Scientific name - Dombey tiliacea (Endl.) Planch.
Dombey, Joseph Dombey in honor of French botanist (1742-1794).
Synonyms - Xeropetalum tiliaceum
Popular names - Dombey of hoja de Tilo.
Distribution and Habitat - originally from South Africa, indigenous to KwaZulu and Eastern Cape.
Description - shrub or small tree, 3.10 x 2.7 m, trunk branched, bark dark gray, rough. Leaves alternate, 4.9 x 3-7 cm, three-lobed basis cordata, margine teeth face bottom covered with fine hairs, stalks pelos, 1-3 cm. Flowers campanulata, 3-4 cm diameter, axillary or terminal, solitary or grouped in a raceme, petals white, obovata. Blooms in August-September. Fruit capsule, round peloasa, 0.5-1 cm in diameter. Seeds black.
Growth rate - fast. 4 mi n 3 years, first flowering occurs after 3 years.
Tolerances - drought, poor soils and light frosts.
Requirements - soil well-drained, fertile, exhibitions sunny or semi-shade.
Management - is clipped after flowering.
Propagation - by seeds in spring or cuttings in summer. The seeds should be harvested immediately after drying flowers.
Natural partners and Garden - Capparis tomentosa, Coddia rudis, Commiphora harveyi, Deinbollia oblongifolia, Diospyros scabrida, Diospyros simii, Diospyros villosa, Homalium dentatum, Nuxia congesta, Ochna arborea, Olea woodiana, Sclerochiton harveyanus.
Properties and Uses - species ideal for small gardens.
Bill Sheat, Gerald Schofield - Complete Gardening in Southern Africa - Struik Publishers, 1995
Davif Johnson, Sally Johns - Gardening with Indigenous Trees - Struik Publishers, 2002
Keith Kirsten - Gardening with Keith Kirsten - Struik Publishers, 2001
Roger Spencer - Horticultural Flora of South-Eastern Australia - University of Washington Press, 1995
Trees and shrubs
Polygala chamaebuxus - perennial, evergreen, subfrutescenta, native to Central, Eastern and South-East, it grows on rocky places in alpine floor.
Quercus robur - oak, Tufan
native trees (Romania), robust 50 m high, 1-2 m stem diameter, crown wide, irregular. Ritidom dark brown, deep furrow. Crown deep and wide, with vigorous branches, units, stretched horizontally, can cover the maximal development of 200-300 sqm. Lujerii annually, vigorous, edge, brown-olive trees, glabra, with small lenticele rare.
Evergreen shrub, 1.2 m high. Strain with 4 edges. Leaves opposite, membranous, soft, dark green upper side and reddish on the underside, nervatiune obvious, limb oblong-lanceolata, margin entire, top acute, base cuneata, 8-12 x 20-30 cm. Cime axillary inflorescences. Calyx with 4 SEPA.
Areca catechu L.
Popular names - English: Areca, Areca-nut, betel nut palm, French: cachou falling within subheading, Arequier, German: Betelnusspalme, Guam: pugua, India: Pan, Spanish: catechou hand, Yap: bu.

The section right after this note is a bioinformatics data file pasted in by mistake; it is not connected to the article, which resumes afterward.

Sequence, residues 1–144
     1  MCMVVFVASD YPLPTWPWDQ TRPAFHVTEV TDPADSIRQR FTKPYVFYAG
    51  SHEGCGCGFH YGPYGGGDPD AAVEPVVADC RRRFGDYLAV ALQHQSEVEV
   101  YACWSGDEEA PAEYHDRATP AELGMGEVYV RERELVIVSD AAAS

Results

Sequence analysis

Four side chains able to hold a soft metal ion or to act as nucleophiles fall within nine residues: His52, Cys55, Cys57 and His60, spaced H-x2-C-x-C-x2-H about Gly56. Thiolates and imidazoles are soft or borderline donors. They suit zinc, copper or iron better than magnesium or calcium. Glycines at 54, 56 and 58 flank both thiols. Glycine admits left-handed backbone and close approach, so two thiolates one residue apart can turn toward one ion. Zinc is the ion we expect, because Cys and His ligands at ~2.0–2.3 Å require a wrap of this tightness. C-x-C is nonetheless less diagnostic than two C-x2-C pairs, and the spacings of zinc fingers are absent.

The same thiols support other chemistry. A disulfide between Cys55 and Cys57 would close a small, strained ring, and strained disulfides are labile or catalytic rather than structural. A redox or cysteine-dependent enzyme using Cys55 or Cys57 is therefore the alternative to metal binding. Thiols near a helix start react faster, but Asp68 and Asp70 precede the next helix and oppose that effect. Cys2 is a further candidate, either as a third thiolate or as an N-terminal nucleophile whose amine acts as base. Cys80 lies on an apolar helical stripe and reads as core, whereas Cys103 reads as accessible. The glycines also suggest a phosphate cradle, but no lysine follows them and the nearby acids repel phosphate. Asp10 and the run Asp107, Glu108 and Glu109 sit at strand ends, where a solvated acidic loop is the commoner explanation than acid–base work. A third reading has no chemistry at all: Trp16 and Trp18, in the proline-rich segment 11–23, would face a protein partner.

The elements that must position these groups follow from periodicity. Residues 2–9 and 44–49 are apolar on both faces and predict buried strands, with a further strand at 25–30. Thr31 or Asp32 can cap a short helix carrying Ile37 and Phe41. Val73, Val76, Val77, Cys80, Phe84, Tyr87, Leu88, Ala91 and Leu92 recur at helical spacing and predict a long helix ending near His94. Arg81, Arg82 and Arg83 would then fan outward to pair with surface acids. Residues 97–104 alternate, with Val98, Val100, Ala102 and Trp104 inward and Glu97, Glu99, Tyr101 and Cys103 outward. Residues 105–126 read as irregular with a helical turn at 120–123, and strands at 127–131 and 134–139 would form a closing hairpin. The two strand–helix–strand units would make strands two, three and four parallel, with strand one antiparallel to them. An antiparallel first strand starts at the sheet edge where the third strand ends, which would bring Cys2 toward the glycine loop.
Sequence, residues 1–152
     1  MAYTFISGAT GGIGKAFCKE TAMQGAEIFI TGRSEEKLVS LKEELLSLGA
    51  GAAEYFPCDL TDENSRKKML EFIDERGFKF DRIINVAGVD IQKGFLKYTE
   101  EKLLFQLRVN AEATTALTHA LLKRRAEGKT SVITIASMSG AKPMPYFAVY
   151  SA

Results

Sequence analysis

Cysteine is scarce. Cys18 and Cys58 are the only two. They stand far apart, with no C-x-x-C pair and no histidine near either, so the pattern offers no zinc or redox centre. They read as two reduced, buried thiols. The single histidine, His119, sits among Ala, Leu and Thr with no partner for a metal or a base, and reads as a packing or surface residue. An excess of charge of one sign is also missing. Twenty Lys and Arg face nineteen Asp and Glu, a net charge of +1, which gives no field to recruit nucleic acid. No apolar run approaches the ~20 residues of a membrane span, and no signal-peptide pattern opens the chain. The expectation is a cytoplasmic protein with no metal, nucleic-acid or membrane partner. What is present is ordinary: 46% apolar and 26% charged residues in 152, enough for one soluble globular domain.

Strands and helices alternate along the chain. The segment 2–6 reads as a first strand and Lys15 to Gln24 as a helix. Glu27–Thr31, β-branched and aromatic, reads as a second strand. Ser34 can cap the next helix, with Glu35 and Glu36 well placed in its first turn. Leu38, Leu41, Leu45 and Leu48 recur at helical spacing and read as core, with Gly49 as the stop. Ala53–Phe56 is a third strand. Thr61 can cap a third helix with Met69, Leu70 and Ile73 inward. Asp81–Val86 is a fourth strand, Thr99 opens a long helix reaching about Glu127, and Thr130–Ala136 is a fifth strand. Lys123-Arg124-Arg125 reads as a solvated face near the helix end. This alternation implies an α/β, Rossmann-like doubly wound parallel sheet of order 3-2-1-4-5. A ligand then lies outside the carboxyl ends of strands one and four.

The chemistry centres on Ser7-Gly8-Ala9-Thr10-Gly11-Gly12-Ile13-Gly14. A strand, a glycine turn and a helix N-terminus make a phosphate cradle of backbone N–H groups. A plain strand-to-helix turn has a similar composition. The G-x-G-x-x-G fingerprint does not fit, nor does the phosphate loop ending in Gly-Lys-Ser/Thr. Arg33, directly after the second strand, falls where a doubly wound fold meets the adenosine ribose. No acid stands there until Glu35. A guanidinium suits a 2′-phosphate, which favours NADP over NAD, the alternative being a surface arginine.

Areca catechu - originating in eastern Africa, southern Asia and the Pacific Islands. Grows in tropical climates at altitudes from 0 to 900 m.
Lycium barbarum - sea of fencing
Thorny shrub, 1-3 m high, stems Pendente .. Leaves alternate, glabra, short stalks, language ovat-elliptic, top acute, base cuneata, margins entire, 1-5.5 x 0.5-1.5 cm. Flowers hermaphrodite, axillary, solitary or in groups, calyx 0.3-0.4 cm long, 5-lobed or consonant, Corola infundibuliforma, 1-1.2 cm, pale purple, petals strong reflexes
Asclepias currasavica - scarlet milkweed
Asclepias currasavica - species used as ornamental plants for small gardens, in combination with other herbs such as Echinacea purpurea, Ratibida pinnata, ornamental grasses.
Brachyscome multifida - herbaceous perennial, rizomatoasa, native to temperate regions of southern Queensland, New South Wales and Victoria.
Pelargonium australe - Muscat
Herbaceous perennial, 50 cm high, sparsely hairy, stems covered with non-glandular hairs. Leaves opposite, lamina ovata, ± circular, 2-9 cm long, 2-8 cm wide, 5-7 lobes, lobes Curl crenata edge, pubescent or ± glabra, 13 cm long stalks. Flowers arranged in umbele, 4.12 flowers pedunculate, 3.10 cm long, pedicel 1-2 cm long. Calyx lobes are 4.7 mm long, 1-6-8 SEPA, 8 mm long.
Wisteria sinensis - Chinese wisteria
Wisteria sinensis - is considered invasive in some places around the globe. In most cases become established in places where it is cultivated ornamental.
Where there is danger of becoming glycineinvasive is better to be replaced with Aristolochia macrophylla, Bignonoa capreolata, Campsis radicand, Lonicera sempervirens, Wisteria frutescens.
Pachira aquatica growing naturally along rivers in Central and South America. Is cultivated in world wide like ornamental, in hedges or solitary. Resistant to drought anf flooding.
The seeds of P. aquatica are delicious raw, boiled or roasted. Young leaves and flowers are also edible. The seeds are high in protein and edible oil.